- Recommended: Seek broad political agreement for the objectives of the superannuation system.
- Recommended: Enshrine the objectives in legislation. Government should report publicly on how policy proposals are consistent with achieving the objectives in the long term.
- Establish a publicly funded independent body to assess the superannuation system’s performance and report on superannuation policy changes.
Option costs and benefits
Seek broad political agreement for the objectives of the superannuation system
Given superannuation is both compulsory and a tax-preferred long-term savings vehicle, Government has a clear role in defining the system’s objectives.
Submissions agree that articulating clear objectives is a critical step towards greater policy consistency and stability, and a prerequisite to achieving the objectives efficiently. In general, submissions nominate two major objectives: providing income in retirement and reducing pressure on the Age Pension. A number of stakeholders raise the importance of the superannuation system for national savings and funding economic activity. However, funding economic activity is a consequence of a well-designed long-term savings vehicle that invests in the interests of its members, rather than an objective in itself.
The Inquiry’s single primary objective prioritises the provision of retirement incomes and precludes the pursuit of other objectives at the expense of retirement incomes. It will help reorient the community mindset around superannuation, away from account balances and towards the provision of retirement incomes. Nobel Laureate Robert Merton wrote: “Sustainable income flow, not the stock of wealth, is the objective that counts for retirement planning”.13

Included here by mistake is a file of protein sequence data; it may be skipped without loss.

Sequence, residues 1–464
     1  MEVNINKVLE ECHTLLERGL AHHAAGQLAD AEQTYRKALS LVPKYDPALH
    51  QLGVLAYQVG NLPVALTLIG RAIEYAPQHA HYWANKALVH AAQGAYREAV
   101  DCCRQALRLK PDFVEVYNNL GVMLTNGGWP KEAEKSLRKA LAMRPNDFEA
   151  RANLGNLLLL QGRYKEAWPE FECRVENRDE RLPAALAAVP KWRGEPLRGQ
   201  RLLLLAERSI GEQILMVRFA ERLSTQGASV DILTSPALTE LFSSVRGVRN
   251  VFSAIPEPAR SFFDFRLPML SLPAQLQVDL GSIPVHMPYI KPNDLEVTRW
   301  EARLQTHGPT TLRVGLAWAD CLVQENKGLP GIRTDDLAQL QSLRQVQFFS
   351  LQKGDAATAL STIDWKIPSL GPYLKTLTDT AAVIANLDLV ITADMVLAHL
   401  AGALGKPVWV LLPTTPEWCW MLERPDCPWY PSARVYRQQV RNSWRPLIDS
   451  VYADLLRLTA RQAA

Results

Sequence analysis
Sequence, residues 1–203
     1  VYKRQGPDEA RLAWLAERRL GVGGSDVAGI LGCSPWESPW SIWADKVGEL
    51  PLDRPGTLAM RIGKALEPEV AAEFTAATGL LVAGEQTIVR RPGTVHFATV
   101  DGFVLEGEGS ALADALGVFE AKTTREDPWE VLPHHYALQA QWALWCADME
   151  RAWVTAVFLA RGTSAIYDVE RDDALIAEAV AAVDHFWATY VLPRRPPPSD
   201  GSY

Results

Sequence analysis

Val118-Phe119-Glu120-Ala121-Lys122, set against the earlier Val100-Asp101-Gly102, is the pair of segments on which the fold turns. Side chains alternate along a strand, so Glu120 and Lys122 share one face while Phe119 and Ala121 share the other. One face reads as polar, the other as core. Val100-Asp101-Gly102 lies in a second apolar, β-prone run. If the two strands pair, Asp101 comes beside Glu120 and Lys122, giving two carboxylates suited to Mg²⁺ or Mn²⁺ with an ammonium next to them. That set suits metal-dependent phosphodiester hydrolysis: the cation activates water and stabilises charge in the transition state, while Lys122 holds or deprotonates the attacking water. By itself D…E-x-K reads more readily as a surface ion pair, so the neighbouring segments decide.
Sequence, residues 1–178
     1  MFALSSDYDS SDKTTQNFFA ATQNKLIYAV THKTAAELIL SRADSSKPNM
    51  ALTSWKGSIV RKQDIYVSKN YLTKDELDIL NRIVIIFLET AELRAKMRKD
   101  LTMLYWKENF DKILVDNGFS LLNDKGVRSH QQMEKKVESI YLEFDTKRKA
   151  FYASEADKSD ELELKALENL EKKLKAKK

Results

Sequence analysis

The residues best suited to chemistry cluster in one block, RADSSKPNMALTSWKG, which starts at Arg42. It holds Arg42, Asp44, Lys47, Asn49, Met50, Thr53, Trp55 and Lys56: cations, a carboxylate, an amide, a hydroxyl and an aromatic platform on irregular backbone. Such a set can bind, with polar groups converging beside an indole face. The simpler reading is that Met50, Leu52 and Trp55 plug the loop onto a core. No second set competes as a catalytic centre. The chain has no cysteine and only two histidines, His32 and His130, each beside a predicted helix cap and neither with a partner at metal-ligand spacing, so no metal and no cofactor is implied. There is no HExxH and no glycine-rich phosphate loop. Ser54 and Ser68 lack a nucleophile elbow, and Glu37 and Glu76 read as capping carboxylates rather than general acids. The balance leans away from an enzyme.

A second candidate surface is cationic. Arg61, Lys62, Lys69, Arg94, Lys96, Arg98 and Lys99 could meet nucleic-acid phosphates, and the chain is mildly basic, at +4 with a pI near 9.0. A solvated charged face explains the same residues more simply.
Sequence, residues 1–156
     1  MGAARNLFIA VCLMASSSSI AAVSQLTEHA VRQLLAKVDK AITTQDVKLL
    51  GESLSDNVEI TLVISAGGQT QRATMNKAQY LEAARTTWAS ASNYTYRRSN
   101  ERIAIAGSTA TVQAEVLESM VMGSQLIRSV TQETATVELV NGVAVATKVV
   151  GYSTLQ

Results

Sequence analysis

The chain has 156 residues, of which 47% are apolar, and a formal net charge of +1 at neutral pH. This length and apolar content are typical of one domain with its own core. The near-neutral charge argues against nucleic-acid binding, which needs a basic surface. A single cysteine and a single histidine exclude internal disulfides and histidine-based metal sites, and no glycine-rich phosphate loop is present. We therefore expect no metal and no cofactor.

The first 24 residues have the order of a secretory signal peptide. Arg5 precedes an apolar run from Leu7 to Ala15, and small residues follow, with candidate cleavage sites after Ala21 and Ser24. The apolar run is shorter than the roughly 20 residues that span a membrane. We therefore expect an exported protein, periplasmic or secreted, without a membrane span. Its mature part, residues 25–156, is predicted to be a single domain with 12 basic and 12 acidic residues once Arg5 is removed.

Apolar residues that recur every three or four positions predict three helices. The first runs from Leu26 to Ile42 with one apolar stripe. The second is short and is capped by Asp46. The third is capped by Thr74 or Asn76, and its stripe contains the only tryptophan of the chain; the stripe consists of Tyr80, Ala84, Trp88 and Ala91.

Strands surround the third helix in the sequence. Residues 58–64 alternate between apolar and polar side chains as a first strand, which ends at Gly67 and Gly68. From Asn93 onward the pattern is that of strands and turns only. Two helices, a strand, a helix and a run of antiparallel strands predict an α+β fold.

Assessing the current superannuation system against the primary and subsidiary objectives outlined in this chapter identified a number of weaknesses that have given rise to recommendations in this report. These include the lack of focus on retirement incomes over other objectives, the lack of operational efficiency in the system, the lack of risk management in retirement, the inefficiency in converting wealth to retirement income, the ability of superannuation funds to borrow rather than be fully funded from savings, poorly targeted tax concessions, and safeguards that could be strengthened to assist members.